Home of The Cloud People
I step out into the white, the storm, the mystery of life. I scrape, scrub, and shovel to uncover my identity. These new beginnings sometimes feel hollow, yet my back aches from the weight, and my mind perseveres. Long conversations half stoopered around a blaze remind us that beyond the warmth is the freeze of winter, and we must hold together.
Some of us have brought the havoc of the city here. Days feel short, and not because winter has arrived, but because we're used to life moving faster, faster, too fast for me. Bills still keep me up at night, bills that mean so much less than they used to. I've been thinking about fear more. What would chill my core and cause my veins to freeze shut? An accident to my daughter? A disease to my spouse? My dog running off into the hills? The possibilities are endless and yet I do not fear the bill collectors. I do not fear what life is like beyond the screens. They've only tricked me for so long.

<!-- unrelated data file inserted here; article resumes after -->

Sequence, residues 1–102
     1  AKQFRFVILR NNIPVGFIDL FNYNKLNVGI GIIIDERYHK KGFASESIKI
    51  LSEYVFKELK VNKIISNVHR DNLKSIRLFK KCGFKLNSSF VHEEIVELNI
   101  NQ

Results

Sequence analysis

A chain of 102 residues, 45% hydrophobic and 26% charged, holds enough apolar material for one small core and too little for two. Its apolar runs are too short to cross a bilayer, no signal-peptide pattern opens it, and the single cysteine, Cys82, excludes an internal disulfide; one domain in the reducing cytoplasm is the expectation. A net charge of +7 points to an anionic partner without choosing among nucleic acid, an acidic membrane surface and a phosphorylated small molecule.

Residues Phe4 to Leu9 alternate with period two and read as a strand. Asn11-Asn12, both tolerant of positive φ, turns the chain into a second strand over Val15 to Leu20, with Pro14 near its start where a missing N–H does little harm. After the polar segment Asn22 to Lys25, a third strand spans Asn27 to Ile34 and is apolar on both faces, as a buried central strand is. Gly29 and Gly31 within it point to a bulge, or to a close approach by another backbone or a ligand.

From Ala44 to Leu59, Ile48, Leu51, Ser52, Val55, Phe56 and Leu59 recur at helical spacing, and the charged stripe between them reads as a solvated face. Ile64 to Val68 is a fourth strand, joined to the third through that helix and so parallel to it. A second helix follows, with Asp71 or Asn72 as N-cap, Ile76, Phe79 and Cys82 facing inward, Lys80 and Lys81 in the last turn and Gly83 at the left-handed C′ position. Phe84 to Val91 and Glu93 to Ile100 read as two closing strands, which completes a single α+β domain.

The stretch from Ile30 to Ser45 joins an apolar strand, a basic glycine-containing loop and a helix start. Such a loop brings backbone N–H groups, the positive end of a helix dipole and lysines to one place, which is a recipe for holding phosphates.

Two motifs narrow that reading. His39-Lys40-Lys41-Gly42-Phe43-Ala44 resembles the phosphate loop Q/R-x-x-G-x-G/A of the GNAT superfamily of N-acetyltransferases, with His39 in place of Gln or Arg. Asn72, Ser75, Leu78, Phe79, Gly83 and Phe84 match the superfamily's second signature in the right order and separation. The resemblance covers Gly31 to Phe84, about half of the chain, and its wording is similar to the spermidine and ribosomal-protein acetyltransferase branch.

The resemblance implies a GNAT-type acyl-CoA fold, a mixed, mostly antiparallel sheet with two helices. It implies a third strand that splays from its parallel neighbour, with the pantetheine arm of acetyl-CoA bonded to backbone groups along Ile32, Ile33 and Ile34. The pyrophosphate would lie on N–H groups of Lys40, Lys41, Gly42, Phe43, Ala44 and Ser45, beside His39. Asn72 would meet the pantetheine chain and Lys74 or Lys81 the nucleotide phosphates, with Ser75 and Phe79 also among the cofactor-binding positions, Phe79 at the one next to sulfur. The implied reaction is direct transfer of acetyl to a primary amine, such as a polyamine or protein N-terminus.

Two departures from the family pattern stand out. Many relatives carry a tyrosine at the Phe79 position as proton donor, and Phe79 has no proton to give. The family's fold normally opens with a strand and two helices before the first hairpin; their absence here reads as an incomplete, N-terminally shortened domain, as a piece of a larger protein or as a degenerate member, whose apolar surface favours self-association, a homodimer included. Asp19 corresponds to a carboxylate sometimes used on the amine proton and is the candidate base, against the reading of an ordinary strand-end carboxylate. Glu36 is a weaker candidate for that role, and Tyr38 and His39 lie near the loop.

I cannot tell you what freedom is, but I hope I'm experiencing it. I know for certain that we're experiencing a lack of necessities. Here those necessities tend to be water, gas, and warmth, but we make do with what we can. My family is experiencing life with a much smaller carbon footprint. We're all learning to cherish days and not moments. What better time to learn these lessons than right around the holidays?
All Closets Have Monsters
My family and I have been through one of the biggest changes we'll ever experience in life, and it all started about a year ago. After my Grandfather had passed his land was sitting, rotting and meanwhile, we were living paycheck to paycheck back in Hillsboro.
The Hillsboro house was our first home, and by that, I mean that we finally had escaped apartment living. We had a backyard, a driveway, a washer, and a dryer. Our kitchen had new appliances, and we spent time decorating the place, making it how we envisioned it, but something felt off. I remember those months fondly, working 50+ hours a week and coming home to a dinner already made.